Yet Boots, perhaps alarmed by the number of subsequent protests against homeopathy outside its stores, got the message. Its website now reflects a more scientific approach: the homeopathic remedies it supplies state that they are “without approved therapeutic indications”. Boots also seems to have modified its range and offering of homeopathic remedies. So there is hope for community pharmacy.
Homeopathic remedies are still sold in pharmacies only because they make a profit. Sales in pharmacy are nonsense because, as most homeopathic practitioners claim, it is not possible to sell homeopathic remedies in isolation of a homeopathic consultation. The consultation determines the remedy. Off-the-shelf homeopathy is a relatively recent phenomenon.
The remedies are no more effective compared with placebo, anyway. Systematic reviews from the Cochrane Library — the gold standard of medical science — have considered homeopathy in the treatment of dementia, asthma and attention deficit hyperactivity disorder, all of which have confirmed the placebo effect. Irritatingly, supporters of homeopathy will always, in any debate, quote a bunkum study that shows some possible efficacy. Some might argue that placebo, or suggestion, is effective therapy, so why not use it? We must question the ethics of this approach.
Pharmacists act immorally when they sell the products without making clients aware that homeopathy does not work.
… I find that most pharmacists, when asked, appreciate that homeopathy has no scientific basis and provides merely a placebo effect. I sincerely hope that with this insight, pharmacy will finally clear its shelves of this expensive hocus pocus for good.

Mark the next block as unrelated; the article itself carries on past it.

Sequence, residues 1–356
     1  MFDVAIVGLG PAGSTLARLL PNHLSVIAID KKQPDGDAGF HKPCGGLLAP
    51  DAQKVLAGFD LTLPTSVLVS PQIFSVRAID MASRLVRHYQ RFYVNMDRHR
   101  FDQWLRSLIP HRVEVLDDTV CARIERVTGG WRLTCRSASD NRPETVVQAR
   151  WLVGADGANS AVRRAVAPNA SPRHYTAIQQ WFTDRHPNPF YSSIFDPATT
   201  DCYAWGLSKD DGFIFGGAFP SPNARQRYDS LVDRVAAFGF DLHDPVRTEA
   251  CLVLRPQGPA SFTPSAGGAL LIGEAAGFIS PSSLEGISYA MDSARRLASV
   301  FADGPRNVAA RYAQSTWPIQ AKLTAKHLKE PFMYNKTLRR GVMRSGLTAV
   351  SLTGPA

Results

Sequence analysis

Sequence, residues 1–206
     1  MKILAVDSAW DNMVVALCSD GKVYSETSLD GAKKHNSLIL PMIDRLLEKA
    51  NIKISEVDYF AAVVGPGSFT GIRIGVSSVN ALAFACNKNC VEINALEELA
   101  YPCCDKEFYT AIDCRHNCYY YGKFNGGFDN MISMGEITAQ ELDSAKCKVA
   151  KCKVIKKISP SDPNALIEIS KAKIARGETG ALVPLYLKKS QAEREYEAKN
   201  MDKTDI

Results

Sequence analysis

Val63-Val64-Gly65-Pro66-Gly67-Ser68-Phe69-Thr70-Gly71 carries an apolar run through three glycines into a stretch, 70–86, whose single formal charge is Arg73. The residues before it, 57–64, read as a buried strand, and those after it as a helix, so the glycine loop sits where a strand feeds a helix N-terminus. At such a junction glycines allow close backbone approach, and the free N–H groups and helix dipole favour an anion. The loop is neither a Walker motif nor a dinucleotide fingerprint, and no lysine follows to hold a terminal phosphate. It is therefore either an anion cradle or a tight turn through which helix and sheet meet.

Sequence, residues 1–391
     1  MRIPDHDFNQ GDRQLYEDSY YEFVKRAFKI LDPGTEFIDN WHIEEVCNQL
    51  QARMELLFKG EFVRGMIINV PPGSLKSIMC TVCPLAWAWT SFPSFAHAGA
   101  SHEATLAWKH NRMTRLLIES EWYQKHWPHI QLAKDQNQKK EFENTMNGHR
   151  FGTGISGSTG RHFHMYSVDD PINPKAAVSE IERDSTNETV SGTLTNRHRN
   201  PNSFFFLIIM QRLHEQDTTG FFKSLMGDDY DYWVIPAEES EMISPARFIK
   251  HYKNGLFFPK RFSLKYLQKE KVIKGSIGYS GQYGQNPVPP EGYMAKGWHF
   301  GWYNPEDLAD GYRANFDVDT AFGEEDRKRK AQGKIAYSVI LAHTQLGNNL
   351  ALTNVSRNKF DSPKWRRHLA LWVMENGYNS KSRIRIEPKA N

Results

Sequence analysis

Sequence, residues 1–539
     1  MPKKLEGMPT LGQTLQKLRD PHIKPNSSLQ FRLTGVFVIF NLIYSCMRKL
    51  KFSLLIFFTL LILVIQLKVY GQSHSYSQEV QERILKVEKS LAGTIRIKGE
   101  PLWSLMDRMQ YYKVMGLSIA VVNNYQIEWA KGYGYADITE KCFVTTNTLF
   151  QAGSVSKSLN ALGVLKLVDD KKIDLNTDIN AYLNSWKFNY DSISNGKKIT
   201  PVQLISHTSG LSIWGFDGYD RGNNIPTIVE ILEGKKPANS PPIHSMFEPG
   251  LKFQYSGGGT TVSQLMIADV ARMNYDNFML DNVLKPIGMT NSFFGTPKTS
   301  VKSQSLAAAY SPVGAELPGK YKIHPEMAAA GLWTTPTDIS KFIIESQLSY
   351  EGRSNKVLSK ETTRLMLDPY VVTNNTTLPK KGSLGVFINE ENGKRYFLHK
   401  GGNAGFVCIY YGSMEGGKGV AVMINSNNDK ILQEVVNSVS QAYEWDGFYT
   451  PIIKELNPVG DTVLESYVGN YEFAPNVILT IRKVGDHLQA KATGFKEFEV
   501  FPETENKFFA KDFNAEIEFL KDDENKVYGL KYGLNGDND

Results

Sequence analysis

I find both pieces quite weak and poorly argued. In fact, the ‘pro’ – arguments are quite laughable and could easily be used for teaching students the meaning and use of logical fallacies. In my view, all that needs to be pointed out here is this:
- Homeopathy is based on implausible assumptions.
- Despite 200 years of research and around 500 clinical trials, there is still no proof that highly diluted homeopathic remedies have effects beyond placebo.
- Therefore, selling them to the naïve public, while pretending they are real medicines, is dishonest, arguably fraudulent and certainly not the behaviour one would expect of a healthcare professional.
- Pharmacists who nevertheless sell these remedies as medicines are in breach of their very own regulations.
Strangely enough, when trying to find the relevant passage from the code of ethics for UK pharmacists, I struggled. The General Pharmaceutical Council’s ‘Standards fro Pharmacy Professionals‘ merely states this:
People receive safe and effective care when pharmacy professionals reflect on the application of their knowledge and skills and keep them up-to-date, including using evidence in their decision making. A pharmacy professional’s knowledge and skills must develop over the course of their career to reflect the changing nature of healthcare, the population they provide care to and the roles they carry out. There are a number of ways to meet this standard and below are examples of the attitudes and behaviours expected.
People receive safe and effective care when pharmacy professionals:
- recognise and work within the limits of their knowledge and skills, and refer to others when needed
- use their skills and knowledge, including up-to-date evidence, to deliver care and improve the quality of care they provide
- carry out a range of continuing professional development (CPD) activities relevant to their practice
- record their development activities to demonstrate that their knowledge and skills are up to date
- use a variety of methods to regularly monitor and reflect on their practice, skills and knowledge
This, I admit, is not as clear as I had hoped (if my memory serves me right, this used to be much more explicit; in case anyone knows of a more suitable section in the code of ethics, please let me know); but it does preclude selling placebos, while pretending they are effective medicines.